Masculinities & Society

Humanities & Social Sciences
Course Code
SOCI 3375
Semester Length
15 Weeks
Max Class Size
Method(s) Of Instruction
Typically Offered
To be determined


Course Description
Masculinities are a fundamental aspect of everyday life that shapes the actions of individuals, our institutions, and social structures. In this advanced course, students will interrogate forms of masculinity to understand the relationship between gender, race, power, and society, while also questioning the assumptions of traditional binary categories of gender. The sociological study of masculinities emerged as analysis of work and family confronted nascent critical theory of second wave feminism that problematized the traditional role of women in patriarchal societies. Today, sociologists adopt approaches such as post-structuralism and queer theory to examine the ideological and discursive dynamics embedded within different masculinities. Sociologists understands masculinity as a configuration of social practices linked to gender orders that shifts across time, cultures, and space. Gender orders are shaped by events such as the industrial revolution that have transformed work, family, and the traditional roles that men play, establishing hierarchies that privilege and dehumanize different groups premised on race, class, and sexual orientation. We will analyze how these structural and systemic inequities contribute to the stratification of marginalized groups within a broader context of colonialism, modernization, and globalization to make sense of why masculine roles, norms, and identities are changing today.
Course Content
  1. Introduction to Masculinity 
  2. Theorizing Men & Masculinity
  3. Gender Binaries & Essentialism
  4. The Social Construction of Indigenous & Black Masculinity
  5. Colonialism, Nation State & Patriarchy
  6. Industrialization, Families & Masculine Roles
  7. Bro Culture: Socialization & Bonding
  8. Sports, Athletes, and Violence
  9. Masculinity, Drag Queens, and LGBTQIA2S+
  10. Popular Culture and Violent Masculinity as a Cultural Norm
  11. Online Masculinity: Big Tech, Gamers, and Trolls
  12. Prison Masculinities and Violence as Social Control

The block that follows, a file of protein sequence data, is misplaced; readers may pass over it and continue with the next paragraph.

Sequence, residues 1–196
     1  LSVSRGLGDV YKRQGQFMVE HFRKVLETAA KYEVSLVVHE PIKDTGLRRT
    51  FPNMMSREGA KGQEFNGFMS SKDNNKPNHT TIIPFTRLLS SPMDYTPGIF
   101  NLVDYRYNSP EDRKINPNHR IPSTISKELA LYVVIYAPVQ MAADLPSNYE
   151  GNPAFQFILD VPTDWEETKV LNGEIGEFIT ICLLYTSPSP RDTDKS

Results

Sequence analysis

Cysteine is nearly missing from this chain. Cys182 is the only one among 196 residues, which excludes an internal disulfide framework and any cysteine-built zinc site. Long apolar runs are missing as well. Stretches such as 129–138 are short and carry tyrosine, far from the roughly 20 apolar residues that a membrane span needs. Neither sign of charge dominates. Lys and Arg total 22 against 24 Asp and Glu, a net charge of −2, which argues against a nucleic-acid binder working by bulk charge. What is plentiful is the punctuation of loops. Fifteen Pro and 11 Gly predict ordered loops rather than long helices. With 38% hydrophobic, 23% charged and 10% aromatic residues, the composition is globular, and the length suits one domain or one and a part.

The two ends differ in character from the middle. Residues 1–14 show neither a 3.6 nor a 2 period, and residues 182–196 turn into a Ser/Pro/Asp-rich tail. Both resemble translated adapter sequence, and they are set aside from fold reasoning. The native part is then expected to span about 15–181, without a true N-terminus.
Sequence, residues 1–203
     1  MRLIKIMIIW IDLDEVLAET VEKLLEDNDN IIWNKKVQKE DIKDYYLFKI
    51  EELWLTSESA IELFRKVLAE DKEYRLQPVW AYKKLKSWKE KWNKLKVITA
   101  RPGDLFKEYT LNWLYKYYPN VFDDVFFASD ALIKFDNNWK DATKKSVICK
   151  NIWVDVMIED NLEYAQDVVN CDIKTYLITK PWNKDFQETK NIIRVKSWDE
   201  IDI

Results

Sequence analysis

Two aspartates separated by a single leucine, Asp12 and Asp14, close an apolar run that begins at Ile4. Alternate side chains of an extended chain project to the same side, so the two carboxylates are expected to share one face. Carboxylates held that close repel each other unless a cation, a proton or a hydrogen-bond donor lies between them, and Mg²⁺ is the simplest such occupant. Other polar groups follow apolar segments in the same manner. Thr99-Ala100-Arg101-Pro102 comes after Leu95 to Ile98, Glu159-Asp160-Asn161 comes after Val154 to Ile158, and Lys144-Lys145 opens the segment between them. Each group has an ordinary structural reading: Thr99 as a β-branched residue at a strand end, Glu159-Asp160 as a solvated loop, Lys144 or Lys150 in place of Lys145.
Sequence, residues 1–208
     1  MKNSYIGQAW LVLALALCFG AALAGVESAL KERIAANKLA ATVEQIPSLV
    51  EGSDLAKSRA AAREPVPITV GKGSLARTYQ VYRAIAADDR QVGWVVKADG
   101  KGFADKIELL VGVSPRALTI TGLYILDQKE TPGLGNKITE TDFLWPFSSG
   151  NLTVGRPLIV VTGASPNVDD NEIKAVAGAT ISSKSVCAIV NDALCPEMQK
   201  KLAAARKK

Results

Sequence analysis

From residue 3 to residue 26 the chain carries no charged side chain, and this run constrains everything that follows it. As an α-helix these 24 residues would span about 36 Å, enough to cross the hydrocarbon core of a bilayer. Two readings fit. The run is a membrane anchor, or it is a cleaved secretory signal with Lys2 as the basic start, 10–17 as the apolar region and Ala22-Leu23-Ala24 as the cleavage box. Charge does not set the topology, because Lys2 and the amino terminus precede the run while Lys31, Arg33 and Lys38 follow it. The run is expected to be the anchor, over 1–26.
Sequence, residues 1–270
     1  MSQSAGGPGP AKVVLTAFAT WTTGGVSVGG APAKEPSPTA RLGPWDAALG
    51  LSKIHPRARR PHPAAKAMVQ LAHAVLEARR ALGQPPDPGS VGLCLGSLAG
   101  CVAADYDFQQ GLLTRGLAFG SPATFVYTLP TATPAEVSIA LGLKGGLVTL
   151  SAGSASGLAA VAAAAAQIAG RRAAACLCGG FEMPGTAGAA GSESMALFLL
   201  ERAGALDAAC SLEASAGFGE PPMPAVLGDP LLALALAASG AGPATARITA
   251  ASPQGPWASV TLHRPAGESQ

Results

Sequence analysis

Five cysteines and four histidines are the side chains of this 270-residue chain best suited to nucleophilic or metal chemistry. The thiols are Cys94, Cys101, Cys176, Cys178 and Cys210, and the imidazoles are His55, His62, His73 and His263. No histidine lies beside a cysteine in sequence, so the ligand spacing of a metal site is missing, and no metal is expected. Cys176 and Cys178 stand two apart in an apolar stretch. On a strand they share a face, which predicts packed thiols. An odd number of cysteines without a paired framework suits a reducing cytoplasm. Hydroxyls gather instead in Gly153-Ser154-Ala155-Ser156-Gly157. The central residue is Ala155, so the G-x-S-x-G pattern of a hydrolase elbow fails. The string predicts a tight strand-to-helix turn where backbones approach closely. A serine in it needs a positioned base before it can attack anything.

13. Masculinity and Social Movements
Learning Activities

The methods of instruction for this course will include some or all of the following:

  • Lectures
  • Small group exercises
  • Class discussion
  • Computer lab work
  • Audio-visual materials
  • Guest speakers
Means of Assessment

Evaluation will be in accordance with the Douglas College Evaluation Policy. Evaluation will be based on course objectives and may include quizzes, exams, critical essays, literature reviews, term/research projects, oral presentations, multi-media presentations and a personal family and age project.  The specific evaluation criteria will be provided by the instructor at the beginning of the course.

An example of one evaluation scheme is:

Two mid-term exams  45%
One group project  20%
One research project  25%
One final quiz  10%
Total 100%

Students may conduct research with human participants as part of their coursework in this class. Instructors for the course are responsible for ensuring that student research projects comply with College policies on ethical conduct for research involving humans.

Learning Outcomes

At the completion of the course, the successful student will be able to:

  • Analyze the historical development of major streams of sociological theories with regards to masculinities;
  • Evaluate masculinity, toxic masculinity, and hegemonic masculinity;
  • Analyze the relationship between masculinities and social structures such as patriarchy, colonialism, globalization, and neoliberalism;
  • Examine why masculinity functions as a constitutive power;